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Cheng v. Sushi AJI, Inc.

United States District Court, D. Colorado

October 23, 2017

LI CHENG, individually, and on behalf of all others similarly situated, Plaintiff,
v.
SUSHI AJI, INC., JIANWEI CAO, and QIONG CAO, Defendants.

          ORDER

          MICHAEL E. HEGARTY, UNITED STATES MAGISTRATE JUDGE.

         Defendants Sushi Aji, Inc., Jian Wei Cao, and Qiong Cao (collectively “Defendants”) have filed a Motion to Dismiss challenging the sufficiency of service of each defendant and arguing the complaint fails to state a claim for which relief may be granted. For the reasons that follow, the Court grants the motion in part and denies it without prejudice in part as set forth herein.

         BACKGROUND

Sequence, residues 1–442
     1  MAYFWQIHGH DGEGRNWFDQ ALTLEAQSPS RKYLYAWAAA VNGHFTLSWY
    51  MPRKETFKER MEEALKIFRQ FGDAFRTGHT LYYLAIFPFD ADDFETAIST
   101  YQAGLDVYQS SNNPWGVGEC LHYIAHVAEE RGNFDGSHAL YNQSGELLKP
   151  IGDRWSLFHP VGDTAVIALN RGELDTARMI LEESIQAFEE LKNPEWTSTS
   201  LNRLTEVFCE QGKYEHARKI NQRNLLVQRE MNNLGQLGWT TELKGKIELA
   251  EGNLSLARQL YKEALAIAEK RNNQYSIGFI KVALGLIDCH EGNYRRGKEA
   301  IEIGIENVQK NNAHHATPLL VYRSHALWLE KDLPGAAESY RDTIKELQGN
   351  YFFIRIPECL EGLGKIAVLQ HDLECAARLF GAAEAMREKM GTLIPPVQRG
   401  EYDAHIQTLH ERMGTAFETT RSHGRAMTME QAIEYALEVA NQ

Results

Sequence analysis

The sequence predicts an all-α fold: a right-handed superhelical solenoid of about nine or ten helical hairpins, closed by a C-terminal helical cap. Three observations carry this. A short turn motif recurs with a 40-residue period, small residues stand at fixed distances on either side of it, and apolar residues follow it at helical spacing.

Plaintiff Li Cheng (“Plaintiff”) initiated this action on July 18, 2017. Along with the Complaint, Plaintiff sought the issuance of Summonses addressed to each Defendant (including the corporate Defendant) at “14807 W 64th Ave., Unit B[, ] Arvada[, ] ¶ 80007.” ECF No. 2. On July 19, 2017, the Clerk of the Court issued Summonses containing the name of each Defendant at that address. ECF No. 4. Thereafter, Plaintiff filed an Affidavit of Service for each defendant on July 31, 2017. ECF No. 7. Each affidavit stated that service was executed on July 26, 2017, at approximately 2:55 PM by leaving the pertinent documents with “TINA WHIANGE” at the stated address. Id. at 1-3. The affidavits state that “Tina Whiange” is “the MANAGER & AUTHORIZED AGENT” of each Defendant. Id.